Bob Gordon is staging a new Broadway Show, but he is short of money. He gets an offer of money by the young widow Lilian, if she can dance in his new show. Bert Keeler, a paper man, gets ... See full summary »
Country Doctor, Jack Jackson is called in to treat the Sick-Little-Well-Girl, who has been making Dr. Saulsbourg and is sanitarium very rich, after years of unsuccessful treatment. His ... See full summary »
Fred C. Newmeyer,
John T. Prince
Steve Raleight wants to produce a show on Broadway. He finds a backer, Herman Whipple and a leading lady, Sally Lee. But Caroline Whipple forces Steve to use a known star, not a newcomer. ... See full summary »
Roy Del Ruth
Johnny Brett and King Shaw are an unsuccessful dance team in New York. A producer discovers Brett as the new partner for Clare Bennett, but Brett, who thinks he is one of the people they lent money to gives him the name of his partner.
Kiki, a poor young woman who sells newspapers on the street corners of Paris, is able to land a job singing and dancing at a nearby theater. While she is there, she invites herself into the... See full summary »
Wally Benton, "The Fox," master detective on radio, is about to go with his sweetheart to Niagara Falls in order to get married. Unknown to him, his valet has told a newspaper reporter that Benton is "Constant Reader," someone who has sent information to newspapers about murdered people and where to find their bodies, thus making the police look bad. The police are sure that "Constant Reader" is the murderer himself, since no one else could know all of the details. And so they begin a chase after Benton, a chase which leads to old abandoned warehouses and old abandoned mansions. Wally is being chased not only by the police but also by the real "Constant Reader." Can he save his girl, his assistant, and the reporter and solve the crime before either the villain or the police, who have been told to shoot on sight, kill them all? Written by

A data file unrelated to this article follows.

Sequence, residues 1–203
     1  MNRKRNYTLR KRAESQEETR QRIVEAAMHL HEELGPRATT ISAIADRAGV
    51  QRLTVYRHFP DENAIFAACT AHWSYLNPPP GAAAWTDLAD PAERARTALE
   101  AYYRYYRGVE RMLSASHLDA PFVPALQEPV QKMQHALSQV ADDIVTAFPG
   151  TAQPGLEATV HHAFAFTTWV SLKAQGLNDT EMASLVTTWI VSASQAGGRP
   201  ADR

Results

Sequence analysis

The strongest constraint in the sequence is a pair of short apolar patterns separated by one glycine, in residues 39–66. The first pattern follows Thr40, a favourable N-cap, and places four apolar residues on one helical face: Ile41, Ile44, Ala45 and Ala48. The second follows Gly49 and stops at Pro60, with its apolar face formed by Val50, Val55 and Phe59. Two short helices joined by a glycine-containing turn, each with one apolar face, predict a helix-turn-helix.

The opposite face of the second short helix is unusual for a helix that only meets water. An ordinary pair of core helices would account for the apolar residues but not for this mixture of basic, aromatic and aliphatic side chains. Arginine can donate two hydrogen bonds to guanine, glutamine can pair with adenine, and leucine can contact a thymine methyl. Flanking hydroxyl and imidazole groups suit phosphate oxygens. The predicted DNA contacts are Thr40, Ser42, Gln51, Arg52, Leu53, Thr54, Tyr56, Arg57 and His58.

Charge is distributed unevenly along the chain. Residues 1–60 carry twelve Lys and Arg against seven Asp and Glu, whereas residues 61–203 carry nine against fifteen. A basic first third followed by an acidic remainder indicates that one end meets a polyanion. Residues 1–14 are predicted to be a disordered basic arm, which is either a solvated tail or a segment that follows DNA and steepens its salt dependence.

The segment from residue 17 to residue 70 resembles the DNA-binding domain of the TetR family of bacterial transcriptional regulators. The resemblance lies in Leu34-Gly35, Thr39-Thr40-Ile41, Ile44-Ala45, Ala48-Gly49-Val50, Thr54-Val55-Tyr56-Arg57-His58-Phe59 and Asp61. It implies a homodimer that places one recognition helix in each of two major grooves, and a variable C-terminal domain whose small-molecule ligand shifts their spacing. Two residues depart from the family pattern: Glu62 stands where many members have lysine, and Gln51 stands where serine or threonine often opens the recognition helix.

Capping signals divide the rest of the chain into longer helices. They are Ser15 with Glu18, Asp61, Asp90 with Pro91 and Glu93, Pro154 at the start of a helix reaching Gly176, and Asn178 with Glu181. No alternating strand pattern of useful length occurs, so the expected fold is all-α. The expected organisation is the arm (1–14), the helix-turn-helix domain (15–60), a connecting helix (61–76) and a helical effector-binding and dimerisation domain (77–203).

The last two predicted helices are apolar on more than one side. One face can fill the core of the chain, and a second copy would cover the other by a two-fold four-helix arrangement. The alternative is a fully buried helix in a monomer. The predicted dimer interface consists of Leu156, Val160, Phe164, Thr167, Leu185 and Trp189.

Jim Knoppow <firstname.lastname@example.org>
Wally 'The Fox' Benton:
Creeper, I've taken a liking to you, and I'm gonna give you an opportunity to make money. I'm willin' to pay you two thousand bucks for just a little information. Now, it's nothin' important - it's just how do we get outta here. Now, you don't have to worry about gettin' in trouble with the gang because with that kinda dough you can live the life of Riley, and you'll have nothin' to worry about unless Riley comes home, of course. Tou can go where the days seem like weeks, and the weeks seem ...
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If you like old-fashioned corny humor you'll love this. I'm hesitant to give a movie this silly, corny and stupid eight stars but I had to because overall it was fun to watch and provided a number of genuine laughs. In fact, some of the scenes were downright hilarious. A lot of it is innocent old-time slapstick and, if it entertains, it did its job.
This was my first look at early Red Skelton films (I had only known him through his TV show) and it reminded of some Bob Hope films except this one had more slapstick and action.
It inspired me to go out and buy other Skelton comedies on VHS but, unfortunately, none ever measured up to this one. The real star of film might not have been Skelton, anyway, as Rags Ragland, playing the chauffeur, had perhaps the highest percentage of funny lines. The baseball scene in here also was very good.
Yes, this is stupid, generally-speaking, but it's really entertaining. If only two people have reviewed it (as of my review) then apparently a lot of people haven't seen this. That's too bad, especially with the older crowd, because they've missed a funny movie.
29 of 29 people found this review helpful.
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